Very low density lipoproteins
carries fat packaged or made by the liver to various body tissue
Low density lipoproteins
carries cholesterol (much of it synthesized in the liver) to body cells
High density lipoproteins
carries cholesterol in the blood back to the liver for recycling or disposal
Cause of injuries to the arteries
accumulation of cholesterol-loaded foam cells-plaque formation
Factors to cause injury
High LDL blood cholesterol level; Low HDL blood cholesterol level; high blood pressure; cigarette smoking; obesity; physical inactivity; diabetes; and atherogenic diet
LDL
an enzyme located on the surface of fat cells that enable the cell to convert blood triglycerides into fatty acids and glycerol
proteins
made of compounds of carbons, hydrogen, oxygen and nitrogen atoms, some also contain sulfur atoms.
amino acid
amine group (nitrogen-contianing group), acid group (COOH), and chemical side chain
amino acids
20
Essential AA
considered when the body cannot make them and ~9 amino acids are essential
protein bonds
peptide bond
proteins made
cells put the amino acids together in the order necessary to produce the particular proteins the need
Missing AA
The will break down muscle and tissue. The body will literally eat itself.
complimentary proteins
2 or more food proteins whose AA assortments provide all of the essential AA
Semivegetarian
some but not all groups of animals-derived products, such as meat, poultry, fish, seafood, eggs, milk, and milk products are included in this diet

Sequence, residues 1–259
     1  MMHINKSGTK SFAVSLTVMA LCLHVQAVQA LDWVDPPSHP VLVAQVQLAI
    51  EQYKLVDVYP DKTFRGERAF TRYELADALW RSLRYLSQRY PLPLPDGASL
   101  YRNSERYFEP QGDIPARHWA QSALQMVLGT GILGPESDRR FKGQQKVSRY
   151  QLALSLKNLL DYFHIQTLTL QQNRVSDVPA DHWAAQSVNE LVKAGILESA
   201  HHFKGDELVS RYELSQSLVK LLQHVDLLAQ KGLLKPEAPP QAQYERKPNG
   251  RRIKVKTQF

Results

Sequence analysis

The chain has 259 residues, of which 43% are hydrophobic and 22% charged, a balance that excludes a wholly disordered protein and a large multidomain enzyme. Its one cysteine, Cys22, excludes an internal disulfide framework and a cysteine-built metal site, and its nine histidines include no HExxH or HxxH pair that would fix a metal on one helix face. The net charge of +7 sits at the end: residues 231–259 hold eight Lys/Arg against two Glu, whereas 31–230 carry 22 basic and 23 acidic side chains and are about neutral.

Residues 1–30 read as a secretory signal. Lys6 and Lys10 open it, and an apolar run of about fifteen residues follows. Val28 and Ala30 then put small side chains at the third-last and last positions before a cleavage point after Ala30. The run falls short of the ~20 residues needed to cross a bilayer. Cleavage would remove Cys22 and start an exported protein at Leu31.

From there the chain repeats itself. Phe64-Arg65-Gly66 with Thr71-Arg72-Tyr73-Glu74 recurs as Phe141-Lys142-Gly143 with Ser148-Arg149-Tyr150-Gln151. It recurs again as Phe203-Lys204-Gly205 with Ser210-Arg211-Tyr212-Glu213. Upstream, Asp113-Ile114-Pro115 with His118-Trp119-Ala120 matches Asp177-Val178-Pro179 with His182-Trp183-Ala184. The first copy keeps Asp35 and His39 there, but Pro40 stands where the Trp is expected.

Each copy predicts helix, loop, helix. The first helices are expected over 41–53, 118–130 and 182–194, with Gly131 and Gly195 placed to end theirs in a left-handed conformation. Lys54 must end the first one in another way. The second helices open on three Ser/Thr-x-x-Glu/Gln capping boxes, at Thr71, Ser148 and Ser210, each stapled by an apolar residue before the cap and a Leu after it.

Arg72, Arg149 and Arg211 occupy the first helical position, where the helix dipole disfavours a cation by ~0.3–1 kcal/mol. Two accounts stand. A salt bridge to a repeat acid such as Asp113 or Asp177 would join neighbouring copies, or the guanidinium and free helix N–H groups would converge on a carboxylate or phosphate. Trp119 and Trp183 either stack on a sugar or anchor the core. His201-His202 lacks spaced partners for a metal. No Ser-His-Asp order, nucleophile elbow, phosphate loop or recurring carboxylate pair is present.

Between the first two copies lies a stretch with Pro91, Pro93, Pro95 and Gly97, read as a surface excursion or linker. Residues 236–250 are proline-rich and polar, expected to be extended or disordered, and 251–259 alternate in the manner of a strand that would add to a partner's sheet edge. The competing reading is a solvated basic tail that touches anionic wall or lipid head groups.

Lacto-vegetarian
milk and milk products and eggs are included in this diet, but meat, poultry, fish, and seafood are excluded.
Lacto-vegetarian
Possible limiting nutrient: iron
Lacto-ovovegetarian
milk and milk products and eggs are included in this diet, but meat, poultry, fish, and seafood are excluded.
Lacto-ovovegetarian
Possible limiting nutrients: iron, vitamin D, calcium, riboflavin
Ovovegetarian
eggs are included in this diet, but milk and milk products, meat, poultry, fish, and seafood are excluded.
Ovovegetarian
Possible limiting nutrients: iron, vitamin D, calcium, riboflavin
Strict vegetarian/vegan
all animal-derived foods, including meat, poultry, fish, seafood, eggs, milk, and milk products are excluded for this diet.
Strict vegetarian/vegan
Possible limiting nutrients: iron, vitamin D, calcium, riboflavin, vitamin B12, Omega-3 FA, high-quality protein
Macrobiotic diet
extremely restrictive diet based on metaphysical beliefs and consisting mostly of legumes, whole grans, and certain vegetables
Macrobiotic diet
when taken extremes, includes only brown rice and water or herbal teas and can cause malnutrition and death